Where R = External radius, r = internal radius and t = thickness
• Thick/Heavy Sections
Reduce the volume of metal material that will be required to produce your part by coring out thick/heavy sections. The more metal needed in making your part, the longer it takes to fill the die, the longer the cooling time, casting cycle, and overall part cost.
You can also reduce thick/heavy sections by designing pockets or thinner sections supported by ribs. Pay attention to cores’ size and location as poor positioning of pockets can cause inconsistent and non-uniform shrinkage.
• Draft Angles
A draft angle is a slight taper on the side of the cavity sides that facilitate the casting’s ejection from the die. Draft angles aid the ejector pins to push out the casting, and the lack of a draft may affect ejection or cause cosmetic defects and distortions in the part. At a minimum, keep your draft angles at 2 degrees.
• Parting line
The parting line is the line where two parts of the die intersect. When designing your casting, ensure that the parting line is as straight as possible. Consider the part geometry, undercuts, drafts, flash, and draw before positioning the die parting line.
• Text and Lettering
Die casting letterings, numbers, trademarks, instructions, prints, and markings must all be designed to facilitate die construction and die removal. From the design standpoint, the text or lettering should be raised as it is easier to cut a design into the die surface than making the raised design on the surface of the casting. As a rule of thumb, use Sans Serif fonts that are equal to or larger than 20 points, with at least 0.020 inches of thickness. Also, keep your engraving on the surface that lies parallel or near-parallel to the die parting line.
When engraved text may not project above the casting’s surrounding surface, engrave it on a panel that is to be sunk into the casting’s surface. Where possible, avoid depressing texts as they are more expensive and deteriorate with time.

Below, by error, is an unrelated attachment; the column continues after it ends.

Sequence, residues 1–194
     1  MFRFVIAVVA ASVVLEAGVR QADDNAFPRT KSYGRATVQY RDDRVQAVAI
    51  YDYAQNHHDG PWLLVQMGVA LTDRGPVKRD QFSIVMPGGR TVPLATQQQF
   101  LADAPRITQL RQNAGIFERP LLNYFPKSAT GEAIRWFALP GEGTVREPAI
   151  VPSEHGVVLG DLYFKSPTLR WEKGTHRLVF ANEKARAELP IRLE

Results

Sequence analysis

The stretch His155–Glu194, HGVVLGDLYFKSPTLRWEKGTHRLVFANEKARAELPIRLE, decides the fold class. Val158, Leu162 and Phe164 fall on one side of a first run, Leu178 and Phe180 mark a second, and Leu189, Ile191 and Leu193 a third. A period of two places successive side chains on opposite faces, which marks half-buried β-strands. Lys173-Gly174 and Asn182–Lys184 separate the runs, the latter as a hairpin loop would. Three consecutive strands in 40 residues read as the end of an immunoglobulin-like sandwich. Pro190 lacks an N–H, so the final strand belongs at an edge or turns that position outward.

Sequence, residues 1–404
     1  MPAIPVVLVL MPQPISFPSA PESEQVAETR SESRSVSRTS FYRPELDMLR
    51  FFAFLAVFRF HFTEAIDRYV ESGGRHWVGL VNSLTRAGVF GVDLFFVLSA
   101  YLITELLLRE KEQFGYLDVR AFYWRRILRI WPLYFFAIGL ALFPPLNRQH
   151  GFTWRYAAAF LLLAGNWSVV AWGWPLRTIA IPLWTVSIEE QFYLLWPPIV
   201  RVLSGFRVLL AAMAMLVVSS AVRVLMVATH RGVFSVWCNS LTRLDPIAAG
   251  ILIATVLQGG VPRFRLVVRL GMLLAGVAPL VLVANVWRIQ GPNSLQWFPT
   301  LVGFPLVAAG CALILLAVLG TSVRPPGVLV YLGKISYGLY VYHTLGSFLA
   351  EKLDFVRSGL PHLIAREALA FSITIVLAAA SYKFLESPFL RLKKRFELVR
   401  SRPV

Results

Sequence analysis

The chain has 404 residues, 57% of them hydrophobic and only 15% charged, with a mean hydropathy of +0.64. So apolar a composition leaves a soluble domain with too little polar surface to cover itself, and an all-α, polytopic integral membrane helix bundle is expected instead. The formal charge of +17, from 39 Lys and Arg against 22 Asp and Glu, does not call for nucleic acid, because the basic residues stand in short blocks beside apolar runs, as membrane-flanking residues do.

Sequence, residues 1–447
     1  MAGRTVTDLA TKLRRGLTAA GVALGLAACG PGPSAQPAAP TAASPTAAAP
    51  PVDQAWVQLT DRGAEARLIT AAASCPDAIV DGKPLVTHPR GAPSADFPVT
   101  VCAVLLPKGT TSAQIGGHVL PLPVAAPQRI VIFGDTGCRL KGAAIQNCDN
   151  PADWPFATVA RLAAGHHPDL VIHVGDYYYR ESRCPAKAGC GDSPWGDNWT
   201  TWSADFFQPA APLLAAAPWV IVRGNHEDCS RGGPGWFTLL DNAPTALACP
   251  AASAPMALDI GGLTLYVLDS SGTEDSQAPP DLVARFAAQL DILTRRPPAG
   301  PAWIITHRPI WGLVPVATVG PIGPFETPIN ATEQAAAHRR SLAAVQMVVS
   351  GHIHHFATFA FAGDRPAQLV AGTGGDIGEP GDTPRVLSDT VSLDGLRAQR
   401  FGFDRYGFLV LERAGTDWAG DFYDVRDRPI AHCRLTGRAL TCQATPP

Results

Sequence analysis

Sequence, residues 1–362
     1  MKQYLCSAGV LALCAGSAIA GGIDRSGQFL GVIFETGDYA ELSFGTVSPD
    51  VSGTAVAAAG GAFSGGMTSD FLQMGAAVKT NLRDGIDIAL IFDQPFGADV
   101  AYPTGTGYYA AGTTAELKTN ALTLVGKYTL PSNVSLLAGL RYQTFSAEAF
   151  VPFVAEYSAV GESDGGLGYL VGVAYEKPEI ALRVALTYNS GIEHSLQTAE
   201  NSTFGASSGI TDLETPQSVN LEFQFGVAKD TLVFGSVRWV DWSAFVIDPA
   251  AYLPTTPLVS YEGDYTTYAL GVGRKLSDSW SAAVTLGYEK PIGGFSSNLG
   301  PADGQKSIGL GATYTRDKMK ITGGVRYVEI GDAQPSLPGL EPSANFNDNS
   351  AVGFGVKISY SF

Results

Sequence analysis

Avoid flat surfaces as much as possible, as they only highlight design or casting imperfections. They also consume a lot of material. Where unavoidable, ensure that the corners of the surface are rounded and “crowned” to improve surface appearance, promote material flow, and reduce distortion.
All molten metals will shrink on cooling. This is why designers have to factor in shrinkage rates into dimensioning their parts. The rate of shrinkage will vary from material to material. While shrinkage aids part release from the die in the outer edges, the internal die sections are usually locked in and difficult to remove. The effects of shrinkage can be countered by including a “draft angle” in your part or using a greater draft at points where shrinkage is likelier to happen.
• Uniform Cross Section
Having a uniform cross-section can accelerate the metal flow and casting cycle. When designing your parts, ensure that you do not have excessive changes in the cross-section. Where there are to be changed in the cross-section of the casting, make the changes gradually to avoid porosity and irregular shrinkage. Wherever possible, use ribs and blend them with fillets and external radii to remove sharp corners and ease the changes in cross-section.
X Sharp edges
X No chamfer or fillets
X Sharp transition and changes in cross-section
✓ Transitions are gradual
✓ Use of fillets and/or chamfered edges
✓ The length of the transition section is at least 3 times the height of the feature.